Landmark landmarks: why city mayors love World Expos
Let’s pretend you are a mayor. What’s best for your city, an Olympics or a World Expo?
Big sport guarantees you a worldwide TV audience that runs into the billions – 3.2 billion for the 2016 Rio Games – but if you’re running a city, a short hit of recognition isn’t all you crave. You want a legacy – something that doesn’t only put you on the map, it places you as the top destination and on everyone’s bucket list for many years after: 130 years, say, would be nice.
That’s how long ago the World Expo of 1889 opened in Paris, with an attention-grabbing iron tower at its center, which is still the single most-visited, paid-for attraction in the world. With that kind of legacy, it is little wonder cities see World Expos as the way to go. Sure, you can host a landmark sports event, but if you really want to be memorable, create a landmark as big as the Eiffel Tower and watch the visitors roll in.
Home to the Burj Khalifa
Dubai, host of Expo 2020, knows this. Home to the Burj Khalifa, it understands the attractive powers of statement architecture – and its plans for Expo 2020 are equally ambitious. To get an indication of how much of a landmark the planners intend their centerpiece – the dome of Al Wasl Plaza – to be, look at the AV kit list that includes 252 Christie D4K40 pure laser projectors. Outside of a Christie factory, it is doubtful anyone has ever gathered that many together – let alone fired them all up at one place and at one time.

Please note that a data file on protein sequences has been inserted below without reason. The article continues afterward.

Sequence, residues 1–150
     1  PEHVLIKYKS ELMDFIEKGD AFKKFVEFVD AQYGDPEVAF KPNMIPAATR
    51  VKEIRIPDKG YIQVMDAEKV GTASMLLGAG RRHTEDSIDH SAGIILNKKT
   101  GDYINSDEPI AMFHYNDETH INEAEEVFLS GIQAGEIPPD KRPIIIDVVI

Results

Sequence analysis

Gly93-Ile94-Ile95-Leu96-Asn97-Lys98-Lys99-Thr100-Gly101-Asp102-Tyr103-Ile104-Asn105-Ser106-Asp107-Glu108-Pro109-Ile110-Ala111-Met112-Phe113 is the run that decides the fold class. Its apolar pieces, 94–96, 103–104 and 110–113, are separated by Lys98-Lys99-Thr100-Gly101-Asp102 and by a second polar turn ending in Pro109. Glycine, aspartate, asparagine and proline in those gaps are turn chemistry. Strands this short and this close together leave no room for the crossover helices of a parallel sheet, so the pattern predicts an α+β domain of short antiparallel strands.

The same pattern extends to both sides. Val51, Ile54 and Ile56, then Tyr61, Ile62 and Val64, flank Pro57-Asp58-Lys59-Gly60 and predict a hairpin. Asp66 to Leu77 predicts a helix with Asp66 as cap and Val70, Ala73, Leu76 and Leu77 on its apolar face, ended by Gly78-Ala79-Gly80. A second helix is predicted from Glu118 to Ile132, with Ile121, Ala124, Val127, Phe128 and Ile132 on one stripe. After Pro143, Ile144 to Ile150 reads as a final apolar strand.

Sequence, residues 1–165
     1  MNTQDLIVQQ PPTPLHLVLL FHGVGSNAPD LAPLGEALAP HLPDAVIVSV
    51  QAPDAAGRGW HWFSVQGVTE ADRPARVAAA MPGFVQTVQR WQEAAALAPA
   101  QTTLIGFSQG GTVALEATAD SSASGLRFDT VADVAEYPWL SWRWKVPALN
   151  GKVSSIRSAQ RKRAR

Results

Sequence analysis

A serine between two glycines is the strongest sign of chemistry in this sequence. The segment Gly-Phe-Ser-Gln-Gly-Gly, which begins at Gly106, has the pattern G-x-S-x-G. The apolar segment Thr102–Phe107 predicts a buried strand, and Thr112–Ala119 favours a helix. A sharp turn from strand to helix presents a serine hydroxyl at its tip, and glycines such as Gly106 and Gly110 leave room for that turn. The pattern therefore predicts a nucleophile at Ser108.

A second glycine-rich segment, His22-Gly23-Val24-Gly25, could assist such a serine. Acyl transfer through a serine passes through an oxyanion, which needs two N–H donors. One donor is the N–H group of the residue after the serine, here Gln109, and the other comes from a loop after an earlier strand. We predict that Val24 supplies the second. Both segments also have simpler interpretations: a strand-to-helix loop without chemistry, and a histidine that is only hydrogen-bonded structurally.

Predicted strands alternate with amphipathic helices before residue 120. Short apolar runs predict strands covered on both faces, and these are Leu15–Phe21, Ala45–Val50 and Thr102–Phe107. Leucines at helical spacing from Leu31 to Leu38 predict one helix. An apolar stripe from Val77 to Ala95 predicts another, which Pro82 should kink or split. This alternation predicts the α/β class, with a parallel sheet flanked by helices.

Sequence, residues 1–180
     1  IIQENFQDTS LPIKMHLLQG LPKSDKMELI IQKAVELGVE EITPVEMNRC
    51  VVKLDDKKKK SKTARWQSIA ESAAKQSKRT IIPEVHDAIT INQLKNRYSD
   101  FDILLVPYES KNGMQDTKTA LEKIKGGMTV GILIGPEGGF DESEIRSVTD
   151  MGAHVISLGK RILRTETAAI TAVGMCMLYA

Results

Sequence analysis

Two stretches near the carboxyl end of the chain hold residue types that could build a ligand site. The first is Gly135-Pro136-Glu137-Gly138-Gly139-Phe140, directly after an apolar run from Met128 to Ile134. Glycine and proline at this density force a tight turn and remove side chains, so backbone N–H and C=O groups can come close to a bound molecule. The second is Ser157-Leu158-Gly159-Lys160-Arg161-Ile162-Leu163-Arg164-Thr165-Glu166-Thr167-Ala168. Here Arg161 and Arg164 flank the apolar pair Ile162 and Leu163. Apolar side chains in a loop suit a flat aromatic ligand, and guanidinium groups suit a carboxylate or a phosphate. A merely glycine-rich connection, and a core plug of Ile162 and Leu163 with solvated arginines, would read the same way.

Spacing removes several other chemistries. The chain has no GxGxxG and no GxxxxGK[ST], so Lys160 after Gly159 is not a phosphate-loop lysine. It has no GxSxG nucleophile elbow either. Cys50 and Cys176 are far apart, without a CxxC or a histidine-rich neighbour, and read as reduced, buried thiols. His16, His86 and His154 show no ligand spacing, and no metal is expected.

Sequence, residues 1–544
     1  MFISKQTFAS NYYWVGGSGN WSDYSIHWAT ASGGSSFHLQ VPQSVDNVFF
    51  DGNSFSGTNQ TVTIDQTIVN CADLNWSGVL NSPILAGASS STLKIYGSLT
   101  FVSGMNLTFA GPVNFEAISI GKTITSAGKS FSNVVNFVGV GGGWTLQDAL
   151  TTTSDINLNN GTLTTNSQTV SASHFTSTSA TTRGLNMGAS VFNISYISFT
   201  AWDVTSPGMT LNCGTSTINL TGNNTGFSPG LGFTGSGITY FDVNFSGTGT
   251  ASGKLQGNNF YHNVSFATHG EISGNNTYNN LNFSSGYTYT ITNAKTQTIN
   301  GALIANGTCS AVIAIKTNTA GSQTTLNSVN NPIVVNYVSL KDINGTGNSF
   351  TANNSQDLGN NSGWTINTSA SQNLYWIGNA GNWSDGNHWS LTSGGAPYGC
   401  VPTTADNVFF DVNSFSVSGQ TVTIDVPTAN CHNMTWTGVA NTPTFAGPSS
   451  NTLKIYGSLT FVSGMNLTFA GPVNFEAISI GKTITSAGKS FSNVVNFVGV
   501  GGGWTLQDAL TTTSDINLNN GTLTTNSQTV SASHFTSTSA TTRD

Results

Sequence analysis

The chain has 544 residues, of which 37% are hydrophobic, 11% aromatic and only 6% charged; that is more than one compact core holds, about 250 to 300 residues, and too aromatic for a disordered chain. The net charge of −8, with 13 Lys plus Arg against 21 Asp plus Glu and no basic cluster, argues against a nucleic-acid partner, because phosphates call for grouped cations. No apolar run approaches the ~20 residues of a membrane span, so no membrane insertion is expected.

All that power will illuminate a 130-meter-wide latticework projection surface. From a distance, the latticework means everything seems light, airy and almost insubstantial. Until you get close and realize this is an engineering and projection tour-de-force on a grand scale.
For a start, the screen is a smidgen wider than the Eiffel Tower’s entire footprint. Rising 67.5 meters, the onscreen projection will be visible inside and out. Approaching across a dark Arabian Desert highway, it will look as though it hangs between the Earth and the stars, suspended between the past and the future.
A turning point in how projection is viewed
Covering 4.38 square kilometers and with 192 countries taking part, Expo 2020 will be among the biggest events of the year globally. Alongside celebrating all that global co-operation can achieve, it may also mark a turning point in how we view projection. In the past, it was always the structures – hard glass, concrete and steel – making the impression. At Al Wasl Plaza, projection has the job of doing the emotional heavy lifting and playing a significant role in creating the all-important must-see impact. It’s a huge vote of confidence that this is not limited to a single, spectacular opening event – as is customary. This is no momentary explosion of light and color; this is an important and long-lasting part of a carefully planned legacy.
Can projection do that?
Can projection really be this long term in scope and ambition? It’s a lot to ask, but worth remembering that when the Eiffel Tower was built, its promised future was a mere 20 years and then the scrapyard. It survived because it became indispensably Paris.
The lesson is if people take something to their hearts, if it moves them, it lasts. And if projection is good at one thing, it’s moving hearts.